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After two seasons in Chicago, Satoransky was shipped to New Orleans over the summer as part of the Lonzo Ball sign-and-trade. He'll join Devonte' Graham, Nickeil Alexander-Walker, Garrett Temple and Kira Lewis in a crowded Pelicans' backcourt that may be difficult to get a read on. Realistically, all five players could compete for a starting spot under new head coach Willie Green, though Satoransky's ability to play both guard positions is a notch in his favor. Regardless of whether he starts or comes off the bench, if Satoransky can lock in 25-plus minutes per night, he could return low-end value in standard leagues. Two seasons ago, Satoransky finished inside the top 110 in eight-category leagues behind 9.9 points, 3.9 rebounds, 5.4 assists and 1.2 steals in 28.9 minutes per game.
During his first season in Chicago, Satoransky enjoyed career highs in minutes (28.9), points (9.9) and assists (5.4) while shooting 43.0 percent from the field. He started the first 64 games before shifting to the bench for the final game of the shortened campaign. That marked rookie Cody White's first career start, and it's likely an indicator of how the depth chart will shake out in 2020-21. As such, Satoransky may revert to a bench role since White is a key facet of Chicago's rebuild. Satoransky has a proven ability to play all three positions in the backcourt, though, which should afford him the chance to log plenty of minutes as one of the first players off the bench.
For the second year in a row, Satoransky saw his workload increase with the Wizards. That resulted in career highs nearly across the board for the former 32nd overall pick. His role truly opened up once John Wall was lost due to injury, and Satoransky posted 10.7 points, 6.2 assists, 4.3 rebounds and 1.1 steals as a starter. But Washington decided to move on from Satoransky during the offseason, and the Bulls swooped in to sign him to a three-year, $30 million deal. While Chicago has young point guard options in Kris Dunn and rookie Coby White, the organization has openly place Dunn on the trading block, and starting a rookie point guard is a high-risk move for a team hoping for a postseason berth. So it appears Satoransky will join Chicago's starting five, possibly allowing him a bigger role than he's seen up to this point. Even on the off-chance that Satoransky isn't the Bulls' full-time starter, he can play three positions and could make for a great sixth man off the bench. At 6-foot-7 with a well-rounded skillset, Satoransky can play both guard spots, as well as small forward.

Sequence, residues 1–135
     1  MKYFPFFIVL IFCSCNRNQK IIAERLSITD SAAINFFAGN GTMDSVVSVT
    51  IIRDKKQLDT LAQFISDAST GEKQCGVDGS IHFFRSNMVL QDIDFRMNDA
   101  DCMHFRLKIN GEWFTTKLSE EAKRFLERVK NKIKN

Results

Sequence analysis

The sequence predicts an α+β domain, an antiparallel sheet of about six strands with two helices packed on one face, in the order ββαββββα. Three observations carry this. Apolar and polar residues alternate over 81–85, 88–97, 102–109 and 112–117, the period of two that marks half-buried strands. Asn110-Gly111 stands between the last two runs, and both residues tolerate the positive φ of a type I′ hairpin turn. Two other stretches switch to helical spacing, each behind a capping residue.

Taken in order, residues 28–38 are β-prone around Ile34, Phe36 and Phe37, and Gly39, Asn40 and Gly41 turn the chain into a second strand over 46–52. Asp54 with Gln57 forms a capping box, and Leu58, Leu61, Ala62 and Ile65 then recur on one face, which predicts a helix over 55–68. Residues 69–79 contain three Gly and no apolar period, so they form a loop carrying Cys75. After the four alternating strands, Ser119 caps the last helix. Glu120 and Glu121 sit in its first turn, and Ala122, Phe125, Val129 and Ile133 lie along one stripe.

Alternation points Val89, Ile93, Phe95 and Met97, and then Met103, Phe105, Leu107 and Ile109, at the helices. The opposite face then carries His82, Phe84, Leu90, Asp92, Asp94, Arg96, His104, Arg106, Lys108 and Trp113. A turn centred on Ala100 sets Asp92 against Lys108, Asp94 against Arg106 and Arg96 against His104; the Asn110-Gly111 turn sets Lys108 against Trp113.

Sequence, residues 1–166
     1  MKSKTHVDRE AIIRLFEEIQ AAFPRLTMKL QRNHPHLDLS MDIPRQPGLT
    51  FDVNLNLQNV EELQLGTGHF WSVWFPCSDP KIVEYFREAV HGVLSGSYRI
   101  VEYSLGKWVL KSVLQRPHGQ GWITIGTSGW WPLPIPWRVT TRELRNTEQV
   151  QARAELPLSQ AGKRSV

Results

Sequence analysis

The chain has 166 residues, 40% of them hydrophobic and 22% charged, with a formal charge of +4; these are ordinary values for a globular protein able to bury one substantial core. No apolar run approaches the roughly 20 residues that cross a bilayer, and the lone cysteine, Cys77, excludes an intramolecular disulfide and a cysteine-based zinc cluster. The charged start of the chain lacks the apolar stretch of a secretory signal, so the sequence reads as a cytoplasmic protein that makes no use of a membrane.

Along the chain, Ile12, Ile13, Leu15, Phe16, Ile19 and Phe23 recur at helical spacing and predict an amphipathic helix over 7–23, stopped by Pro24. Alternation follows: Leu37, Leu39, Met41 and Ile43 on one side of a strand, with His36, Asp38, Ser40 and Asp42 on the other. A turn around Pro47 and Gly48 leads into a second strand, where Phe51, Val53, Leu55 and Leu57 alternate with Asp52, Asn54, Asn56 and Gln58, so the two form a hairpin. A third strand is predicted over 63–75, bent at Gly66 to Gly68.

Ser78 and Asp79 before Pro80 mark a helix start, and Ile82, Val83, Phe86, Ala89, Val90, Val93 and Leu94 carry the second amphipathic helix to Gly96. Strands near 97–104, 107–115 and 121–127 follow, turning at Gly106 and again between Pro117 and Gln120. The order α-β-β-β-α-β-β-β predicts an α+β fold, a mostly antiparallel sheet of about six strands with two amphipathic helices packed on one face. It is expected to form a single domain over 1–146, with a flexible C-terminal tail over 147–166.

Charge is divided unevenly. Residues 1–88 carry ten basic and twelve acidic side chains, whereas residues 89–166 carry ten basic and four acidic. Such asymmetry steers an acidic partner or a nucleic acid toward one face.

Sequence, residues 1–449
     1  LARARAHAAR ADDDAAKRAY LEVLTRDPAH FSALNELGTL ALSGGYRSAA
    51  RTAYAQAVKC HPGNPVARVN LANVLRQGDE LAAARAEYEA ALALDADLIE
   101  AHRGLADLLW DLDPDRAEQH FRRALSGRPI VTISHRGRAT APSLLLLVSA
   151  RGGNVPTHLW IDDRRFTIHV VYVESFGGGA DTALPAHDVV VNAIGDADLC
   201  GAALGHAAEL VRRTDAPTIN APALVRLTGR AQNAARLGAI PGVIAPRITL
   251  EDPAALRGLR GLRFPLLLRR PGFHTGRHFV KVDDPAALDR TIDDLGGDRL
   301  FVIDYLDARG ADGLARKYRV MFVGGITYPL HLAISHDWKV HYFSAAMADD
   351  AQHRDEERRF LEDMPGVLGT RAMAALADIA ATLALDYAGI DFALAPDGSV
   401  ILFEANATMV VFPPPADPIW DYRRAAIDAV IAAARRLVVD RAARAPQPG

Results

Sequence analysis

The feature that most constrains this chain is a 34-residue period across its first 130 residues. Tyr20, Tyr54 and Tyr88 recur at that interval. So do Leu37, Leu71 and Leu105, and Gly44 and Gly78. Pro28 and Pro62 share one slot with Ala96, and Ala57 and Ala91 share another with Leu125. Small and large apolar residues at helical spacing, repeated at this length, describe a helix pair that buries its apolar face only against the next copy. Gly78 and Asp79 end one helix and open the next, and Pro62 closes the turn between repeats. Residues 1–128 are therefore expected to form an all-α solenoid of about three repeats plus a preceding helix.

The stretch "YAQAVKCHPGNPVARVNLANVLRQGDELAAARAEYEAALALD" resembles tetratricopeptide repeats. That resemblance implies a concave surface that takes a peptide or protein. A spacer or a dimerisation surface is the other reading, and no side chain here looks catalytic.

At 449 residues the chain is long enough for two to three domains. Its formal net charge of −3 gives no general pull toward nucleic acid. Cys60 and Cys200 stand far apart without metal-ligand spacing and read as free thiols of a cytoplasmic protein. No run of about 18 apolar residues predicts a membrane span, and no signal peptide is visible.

Satoransky saw his first major minutes during the 2017-18 campaign with starting point guard John Wall missing 41 games due to injury. That allowed him to pick up 30 starts across 73 games and tally a career-high workload of 22.5 minutes for the season. Satoransky played particularly well during those 30 starts, averaging 10.4 points, 5.8 assists and 4.4 rebounds across 30.7 minutes, while shooting a blistering 53.2 percent from the field and 50.8 percent from deep. That certainly bodes well for his future in the NBA, but unfortunately doesn't guarantee him a significant role heading into his third season in 2018-19. Wall is expected to be back to full strength and the Wizards also traded for combo guard Austin Rivers, so Satoransky is going to face a much more crowded path to playing time. He'll surely still provide some key reserve minutes at point guard for stretches of games, but the added bodies likely mean Satoransky will have a tough time matching his breakout season. For that reason, the 26-year-old is nothing more than a dynasty stash when considering his Fantasy value.
Satoransky, a rookie last season out of the Czech Republic, saw a spotty workload during 2016-17. Despite having solid athleticism and basketball IQ, he was still quite raw during his first season in the States, posting 2.7 points, 1.6 assists and 1.5 rebounds across 12.6 minutes per game. The 6-foot-7, 25-year-old also shot 41.5 percent from the field and went 9-of-37 (24.3 percent) from deep. The Wizards drafted him in the second round with the hopes of him being a jack-of-all trades player on both sides of the ball, capable of playing point guard through small forward. That was somewhat the case last year, as he spent 62 percent of his time at shooting guard and 35 percent at small forward, but just three percent at point guard and one percent at power forward. It may be tough for coach Scott Brooks to find him minutes once again, as the Wizards have a seemingly established set of reserves at each position. He’ll likely see run if the team deals multiple injuries, however. That said, he can almost certainly be avoided in the vast majority of Fantasy formats, as we have very little to go on as far as his NBA potential and he doesn’t seem to be slated for an increased workload.